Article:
July 1, 2014

Phil Di Bella – News from Above

Emotional Currency: The Power of Goodwill

John Stuart, Chairman of Quaker Oats Company, said circa 1900: “If this business were split up, I would give you the land and bricks and mortar, and I would take the brands and trademarks, and I would fare better than you”.
Before the concept of marketing or branding as we know it today came about, Stuart made an important and forward-thinking realisation about its importance to a business. In the beginning, a brand differentiated one product from another, so a consumer could associate a set of attributes with a particular name, allowing them to distinguish between available products and form a preference for one company’s product over another. Fast-forward to 2014, and a brand is the only thing a company has left to compete on. Brands are inimitable; a competitor can copy all the elements of your marketing mix – your products and packaging, your pricing and distribution strategy and your promotional approach, but the brand remains sacred.
In recent history, there has been a dramatic shift in the understanding of how business value is created. In Stuart’s time, a business would be valued based upon its manufacturing assets, property and financial assets such as investments and accounts receivable. Today, the value of the intangibles, the brand and the goodwill, comprise part of a company’s balance sheet.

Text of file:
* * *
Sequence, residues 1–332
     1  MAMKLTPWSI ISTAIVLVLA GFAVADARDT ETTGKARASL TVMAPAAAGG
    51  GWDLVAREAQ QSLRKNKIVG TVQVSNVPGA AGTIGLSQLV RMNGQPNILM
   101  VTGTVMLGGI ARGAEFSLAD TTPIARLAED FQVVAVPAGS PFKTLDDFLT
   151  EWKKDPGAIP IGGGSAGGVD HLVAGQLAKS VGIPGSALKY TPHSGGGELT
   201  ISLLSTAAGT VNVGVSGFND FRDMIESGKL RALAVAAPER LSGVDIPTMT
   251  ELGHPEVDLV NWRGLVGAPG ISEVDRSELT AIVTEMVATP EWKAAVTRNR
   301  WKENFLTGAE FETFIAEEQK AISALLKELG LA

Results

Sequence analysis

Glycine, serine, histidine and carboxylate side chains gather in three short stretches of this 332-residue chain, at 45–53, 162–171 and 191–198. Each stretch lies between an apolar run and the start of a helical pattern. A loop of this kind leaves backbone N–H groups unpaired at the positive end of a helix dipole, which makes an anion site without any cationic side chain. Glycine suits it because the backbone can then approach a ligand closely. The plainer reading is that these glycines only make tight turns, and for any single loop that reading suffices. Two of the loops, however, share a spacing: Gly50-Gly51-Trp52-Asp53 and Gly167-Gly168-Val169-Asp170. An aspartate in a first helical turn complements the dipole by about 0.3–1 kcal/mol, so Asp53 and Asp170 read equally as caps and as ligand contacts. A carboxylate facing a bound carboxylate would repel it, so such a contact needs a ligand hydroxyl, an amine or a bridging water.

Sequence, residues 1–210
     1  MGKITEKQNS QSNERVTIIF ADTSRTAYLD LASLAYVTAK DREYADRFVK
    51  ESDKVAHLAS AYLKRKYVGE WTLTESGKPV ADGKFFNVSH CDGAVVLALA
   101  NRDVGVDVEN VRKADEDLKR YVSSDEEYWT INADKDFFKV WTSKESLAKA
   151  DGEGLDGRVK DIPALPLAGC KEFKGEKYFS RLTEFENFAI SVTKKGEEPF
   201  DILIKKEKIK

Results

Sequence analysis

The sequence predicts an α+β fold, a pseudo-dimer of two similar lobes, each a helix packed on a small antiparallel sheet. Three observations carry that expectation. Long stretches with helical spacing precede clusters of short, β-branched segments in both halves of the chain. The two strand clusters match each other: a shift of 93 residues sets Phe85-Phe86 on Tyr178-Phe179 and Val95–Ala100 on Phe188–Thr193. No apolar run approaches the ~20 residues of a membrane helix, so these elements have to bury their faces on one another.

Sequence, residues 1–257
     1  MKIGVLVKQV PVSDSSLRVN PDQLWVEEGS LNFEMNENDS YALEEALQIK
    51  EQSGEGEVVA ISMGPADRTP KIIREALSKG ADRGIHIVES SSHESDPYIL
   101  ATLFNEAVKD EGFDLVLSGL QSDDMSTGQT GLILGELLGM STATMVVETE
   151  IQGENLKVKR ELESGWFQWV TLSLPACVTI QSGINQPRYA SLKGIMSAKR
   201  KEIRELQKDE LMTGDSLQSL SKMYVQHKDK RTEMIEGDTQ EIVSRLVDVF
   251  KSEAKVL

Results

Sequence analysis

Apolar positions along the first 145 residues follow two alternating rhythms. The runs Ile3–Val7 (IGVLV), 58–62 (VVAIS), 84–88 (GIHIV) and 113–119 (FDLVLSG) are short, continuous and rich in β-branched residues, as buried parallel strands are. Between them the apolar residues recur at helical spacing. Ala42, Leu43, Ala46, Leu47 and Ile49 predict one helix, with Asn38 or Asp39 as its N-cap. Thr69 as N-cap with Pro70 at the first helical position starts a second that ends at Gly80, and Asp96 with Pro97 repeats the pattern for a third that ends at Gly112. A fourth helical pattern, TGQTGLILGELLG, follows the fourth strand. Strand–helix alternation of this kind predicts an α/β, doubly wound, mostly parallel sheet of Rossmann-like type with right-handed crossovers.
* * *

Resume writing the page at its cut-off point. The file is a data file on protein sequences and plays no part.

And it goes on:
I, like Stuart, believe that the majority of a business’ value is derived from their brand, if they have a strong brand with a compelling story behind it. This is supported by the wider gaps we are seeing between a company’s book value and its stock value. Interbrand measures the top brands in the world, estimating the contribution that branding makes to shareholder value. The McDonald’s brand is estimated to deliver 70% of shareholder value, with the rest being accounted for by the bricks and mortar of the business.
Without the heritage or coverage of the big brands of the world, small businesses need to look for ways to build goodwill on a small scale but at a fast pace, especially for start-ups. One way to do this is to leverage off the goodwill of your suppliers who have created strong brands for themselves. Consider the last supplier decision you made; you would have considered the costs of their products to your business, but did you also take into account the value that could be added to your business by having them as a supplier? For a café, one element of their goodwill is the coffee brand they choose.
At Di Bella Coffee we invest our resources in building a reputable brand that stands for quality of product and coffee education. This has a flow on effect for our wholesale customers as they benefit not only from our focus on developing expertise, but also the goodwill that the Di Bella Coffee brand has created through this approach.

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